Apple, Amazon and others soared through the pandemic as their businesses boomed despite the recession. The coronavirus accelerated a shift to online life that’s benefited them, and a pile-on of investors into Big Tech sent their share prices soaring to levels that critics said were overvalued.
Apple had a nearly irrepressible run this summer where it rose in 12 out of 13 weeks. Zoom Video Communications surged above $450 per share earlier this month after starting the year at less than $70.
That all came to an abrupt halt last week. Worries that the stocks had gotten overheated helped send the S&P 500 to its worst three-day run in nearly three months, and the Nasdaq composite slid 10%. Tech stocks recovered a bit on Wednesday, and they seemed to regain their stride Thursday morning, only for an afternoon swoon to batter them again.
On Friday, tech stocks again swung from gains to losses. The fluctuations came even after Oracle reported stronger profit for its latest quarter than analysts expected. After leaping as much as 7.9% in the morning, its stock slipped 0.6%.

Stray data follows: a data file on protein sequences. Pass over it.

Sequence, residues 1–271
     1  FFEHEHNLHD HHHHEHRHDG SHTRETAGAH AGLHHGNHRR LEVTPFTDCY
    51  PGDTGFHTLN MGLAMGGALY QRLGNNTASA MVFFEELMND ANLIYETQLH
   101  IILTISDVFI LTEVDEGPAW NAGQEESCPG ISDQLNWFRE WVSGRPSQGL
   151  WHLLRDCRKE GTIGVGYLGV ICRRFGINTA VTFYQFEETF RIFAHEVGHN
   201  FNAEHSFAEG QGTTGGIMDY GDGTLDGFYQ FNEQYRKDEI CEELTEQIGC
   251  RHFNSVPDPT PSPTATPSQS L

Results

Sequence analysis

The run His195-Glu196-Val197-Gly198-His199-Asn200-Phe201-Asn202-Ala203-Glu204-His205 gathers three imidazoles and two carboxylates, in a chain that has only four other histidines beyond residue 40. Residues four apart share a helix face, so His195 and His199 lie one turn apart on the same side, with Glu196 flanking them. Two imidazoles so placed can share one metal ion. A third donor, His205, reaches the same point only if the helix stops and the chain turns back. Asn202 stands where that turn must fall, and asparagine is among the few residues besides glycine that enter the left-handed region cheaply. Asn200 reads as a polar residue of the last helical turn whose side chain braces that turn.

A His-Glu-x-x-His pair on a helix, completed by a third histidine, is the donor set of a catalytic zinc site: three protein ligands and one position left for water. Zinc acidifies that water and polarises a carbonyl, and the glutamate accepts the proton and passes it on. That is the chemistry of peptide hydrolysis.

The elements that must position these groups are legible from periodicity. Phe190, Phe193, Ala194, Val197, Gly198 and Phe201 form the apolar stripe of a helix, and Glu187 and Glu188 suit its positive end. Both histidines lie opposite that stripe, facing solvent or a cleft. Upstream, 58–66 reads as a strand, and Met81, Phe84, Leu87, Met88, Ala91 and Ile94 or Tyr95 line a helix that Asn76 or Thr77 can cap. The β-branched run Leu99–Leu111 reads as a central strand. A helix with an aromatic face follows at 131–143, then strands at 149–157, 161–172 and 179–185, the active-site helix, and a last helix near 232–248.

Big Tech and the high-growth area of the stock market “just got ahead of itself,” said Jason Pride, chief investment officer of private wealth at Glenmede. “It doesn’t matter how it got there, it matters that it got there and now we’re kind of deflating that overvaluation a little bit.”
After rising as much as 1.5% shortly after trading began, Apple fell back to a loss of 1.3%. It dropped 7.4% over the week, its worst since March. Movements for it and other Big Tech stocks matter more than ever for broad market indexes because their immense size means they can influence the S&P 500 almost by themselves. Five Big Tech companies make up nearly 23% of the